A friend died recently. Thomas J. Marzen succumbed to cancer at the age of 60. He was a mentor and role model.
I first met Tom in 1981 when he was working as an attorney for Americans United for Life in Chicago. Founded by, among others, the late Dr. Joseph Stanton of Massachusetts, another great pro-lifer, AUL is the legal arm of the national pro-life movement. Tom later worked at the National Legal Center for the Medically Dependent & Disabled, defending the rights of persons with disabilities in the areas of medical treatment denials and assisted suicide.
Tom was a gifted writer, strategist, and thinker. He was one of those persons who woke up each morning with a preoccupying question: how can the pro-life cause be advanced today? He insisted on the need to think ahead, anticipating the legal battles and predicting the course of likely conflicts far into the future.
When Tom entered the legal profession, the ink used in the U.S. Supreme Courtís 1973 ruling in Roe vs. Wade, legalizing abortion as a constitution right, was not yet dried. He and other attorneys in the ensuing years, such as Dennis Horan, Victor Rosenblum, Patrick Trueman, Rick Valentine, Burke Balch, Ed Grant and Maura Quinlan at AUL, and James Bopp at the National Right to Life Committee engineered a strategy to chip away at Roeís reach and scope, aiming for reversal. The example set by Tom and his fellow pioneers continues to inspire succeeding generations of pro-life lawyers and advocates.
Besides drafting model statutes and guiding litigation on abortion, Tom helped to shape legal strategies against the infanticide of newborns, the ďquality of lifeĒ denial of care from persons with disabilities, and the assisting in suicides of the terminally ill, sometimes years before the threats became realities.
His most notable effort was the co-authoring of a law review article surveying the legal history of assisted suicide. Published in 1985 and inspired by the faulty use of history by the Supreme Court in the abortion cases, the article demonstrated that our nationís laws never countenanced a right to kill oneís self. Achieving its prescient purpose, the article was cited favorably by the U.S. Supreme Court when it ruled in 1997 that assisted suicide was not a constitutional right.
History blessed me with the opportunity to work closely with Tom on pro-life matters. First at AUL in 1982 (during a summer internship), and then at the National Legal Center from 1988 to 1996, we served together, providing me the opportunity to learn the intricacies of the law from the best. But the experience involved more than just the chance for professional collaboration.
Up close, I witnessed Tomís insatiable curiosity. He was driven to learn. But his was not the disconnected existence of a secluded academic. He loved to converse, drawing from others whatever new information he could glean, adding to his encyclopedic store of knowledge. He kept asking interesting questions about so many different, and surprising, things. Once, he confessed to being ignorant about why bank buildings had so many floors, and wondered what went on in such places as to require so much space.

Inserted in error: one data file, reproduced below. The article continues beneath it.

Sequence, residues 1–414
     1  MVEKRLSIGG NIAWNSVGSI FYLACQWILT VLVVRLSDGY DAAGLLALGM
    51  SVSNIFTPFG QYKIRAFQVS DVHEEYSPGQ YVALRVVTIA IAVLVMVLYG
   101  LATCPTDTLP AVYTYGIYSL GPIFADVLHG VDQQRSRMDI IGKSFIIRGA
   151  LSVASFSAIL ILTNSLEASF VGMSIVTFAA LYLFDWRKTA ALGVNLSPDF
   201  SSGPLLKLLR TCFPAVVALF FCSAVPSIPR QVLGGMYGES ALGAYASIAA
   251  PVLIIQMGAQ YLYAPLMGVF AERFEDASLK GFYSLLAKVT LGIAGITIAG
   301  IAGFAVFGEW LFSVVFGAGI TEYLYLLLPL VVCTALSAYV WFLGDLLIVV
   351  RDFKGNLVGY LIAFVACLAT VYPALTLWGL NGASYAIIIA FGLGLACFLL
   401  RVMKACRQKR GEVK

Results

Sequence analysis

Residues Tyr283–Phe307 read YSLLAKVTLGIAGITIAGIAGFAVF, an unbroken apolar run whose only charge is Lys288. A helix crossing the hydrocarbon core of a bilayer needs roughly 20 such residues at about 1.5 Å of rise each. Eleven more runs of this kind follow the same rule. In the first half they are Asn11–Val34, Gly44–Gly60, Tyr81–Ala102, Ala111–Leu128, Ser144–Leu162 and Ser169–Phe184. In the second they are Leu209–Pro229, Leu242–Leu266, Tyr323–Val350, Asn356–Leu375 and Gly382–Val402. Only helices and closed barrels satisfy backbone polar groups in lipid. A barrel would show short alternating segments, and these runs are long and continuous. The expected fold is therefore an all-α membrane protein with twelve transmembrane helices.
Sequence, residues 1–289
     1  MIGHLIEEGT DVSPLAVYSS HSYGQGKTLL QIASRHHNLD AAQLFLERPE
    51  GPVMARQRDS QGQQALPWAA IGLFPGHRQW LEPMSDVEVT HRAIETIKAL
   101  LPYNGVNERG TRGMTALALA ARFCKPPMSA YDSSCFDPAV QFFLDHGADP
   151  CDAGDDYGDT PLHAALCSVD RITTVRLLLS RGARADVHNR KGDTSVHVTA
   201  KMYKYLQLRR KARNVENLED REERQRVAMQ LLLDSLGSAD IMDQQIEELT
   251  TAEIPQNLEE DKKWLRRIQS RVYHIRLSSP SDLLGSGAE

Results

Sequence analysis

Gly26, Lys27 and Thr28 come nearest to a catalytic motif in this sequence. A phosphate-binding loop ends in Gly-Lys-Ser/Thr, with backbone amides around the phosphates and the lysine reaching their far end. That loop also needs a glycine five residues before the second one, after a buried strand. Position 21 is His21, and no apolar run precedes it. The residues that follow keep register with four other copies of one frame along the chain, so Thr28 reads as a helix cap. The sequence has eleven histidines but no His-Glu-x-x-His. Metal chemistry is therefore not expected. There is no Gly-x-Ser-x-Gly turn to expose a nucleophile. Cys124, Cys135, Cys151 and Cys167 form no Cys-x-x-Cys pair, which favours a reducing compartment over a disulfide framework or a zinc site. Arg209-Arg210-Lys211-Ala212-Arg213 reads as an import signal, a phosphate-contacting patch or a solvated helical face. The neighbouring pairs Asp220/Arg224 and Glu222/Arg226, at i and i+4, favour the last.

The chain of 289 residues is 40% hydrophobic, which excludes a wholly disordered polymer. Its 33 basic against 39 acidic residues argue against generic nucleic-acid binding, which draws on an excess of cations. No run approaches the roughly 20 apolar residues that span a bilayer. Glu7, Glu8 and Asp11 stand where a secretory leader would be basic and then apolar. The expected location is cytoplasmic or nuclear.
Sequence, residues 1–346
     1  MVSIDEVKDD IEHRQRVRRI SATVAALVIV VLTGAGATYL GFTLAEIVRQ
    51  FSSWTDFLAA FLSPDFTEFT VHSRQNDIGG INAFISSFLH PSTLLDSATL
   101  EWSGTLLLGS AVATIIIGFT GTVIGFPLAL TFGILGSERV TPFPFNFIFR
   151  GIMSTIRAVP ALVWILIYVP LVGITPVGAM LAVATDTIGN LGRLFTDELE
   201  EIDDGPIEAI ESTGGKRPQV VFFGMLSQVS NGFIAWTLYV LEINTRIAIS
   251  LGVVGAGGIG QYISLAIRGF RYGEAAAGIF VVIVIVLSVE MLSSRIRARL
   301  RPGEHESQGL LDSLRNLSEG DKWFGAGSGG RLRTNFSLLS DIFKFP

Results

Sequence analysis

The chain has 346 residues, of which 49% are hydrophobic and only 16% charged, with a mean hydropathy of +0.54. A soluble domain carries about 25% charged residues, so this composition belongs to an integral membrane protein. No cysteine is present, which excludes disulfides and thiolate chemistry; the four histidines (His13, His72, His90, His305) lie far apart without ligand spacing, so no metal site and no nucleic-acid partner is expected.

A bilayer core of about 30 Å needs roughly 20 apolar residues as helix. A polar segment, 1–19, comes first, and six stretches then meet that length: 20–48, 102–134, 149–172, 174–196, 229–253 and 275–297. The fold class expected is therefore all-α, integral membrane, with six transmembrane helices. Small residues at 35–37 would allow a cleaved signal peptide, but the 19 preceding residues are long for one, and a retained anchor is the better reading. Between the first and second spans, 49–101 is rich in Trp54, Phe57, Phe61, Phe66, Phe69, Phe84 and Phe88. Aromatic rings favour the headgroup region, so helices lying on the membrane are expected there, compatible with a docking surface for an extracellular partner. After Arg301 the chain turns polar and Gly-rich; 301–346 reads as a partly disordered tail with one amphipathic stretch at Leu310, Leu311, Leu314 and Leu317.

Tomís core however was not his knowledge and inquisitiveness but his caring and his faith. Tom looked out for the needs of those around him. One example: when funding at the National Legal Center started to dry up, Tom reduced his own salary to enable the employees under him to stay on. He took real interest in how things were going for each employee and his or her family. Those of us who knew Tom all have stories about his empathy and concern.
To talk about Tomís faith, one must know about Tomís struggles. He suffered from alcoholism, which contributed to two marital breakups. After years of losing his battles with the addiction, he turned in utter desperation for help through Alcoholics Anonymous and by Godís providence found a sponsor who convinced him to take the 12 steps to recovery.
He went to the hospital to dry out and there doctors discovered he had kidney disease. After his kidneys started to fail, Tom underwent dialysis and eventually had a kidney transplant. At one point, as a consequence of the anti-rejection medications, he broke several bones in his feet. He had also been a smoker, forced finally to quit as a result of his medical troubles, and the smoking may have precipitated the lung cancer that eventually killed him.
These experiences provoked the most intense feelings of guilt and failure in Tom. This is where his faith enters the picture. Tom was tested severely by despair and he found the courage to seek forgiveness and the strength to be reborn through his Catholic faith. His oldest son Nate, in reflections shared at Tomís funeral, revealed that ďPopsĒ had inspired him to be confirmed in the Catholic Church, with Nate choosing St. John of the Cross as his confirmation name. He was introduced to this saint by Tom who, Nate said, had adopted St. Johnís spirituality of suffering at the foot of the cross.
Iím convinced that Tom is a saint now in heaven, not a plastic one, but one who suffered deeply from his own and from natureís failings, and thus one who knew the true value of Godís redeeming grace. He was our daughterís godfather, a responsibility that he bore with utmost seriousness, and an office that will continue to privilege our daughter. The witness of his own three children to his loving parenting speaks as well to the gifts Tom provided even in the midst of his own difficulties. Before he died, I was told by his family, he had made peace with those in his life to whom he needed to be reconciled.
Thus, to the end, Tomís life was a life for life. May God have mercy on him and grant him eternal rest.
Daniel Avila is the Associate Director for Policy & Research of the Massachusetts Catholic Conference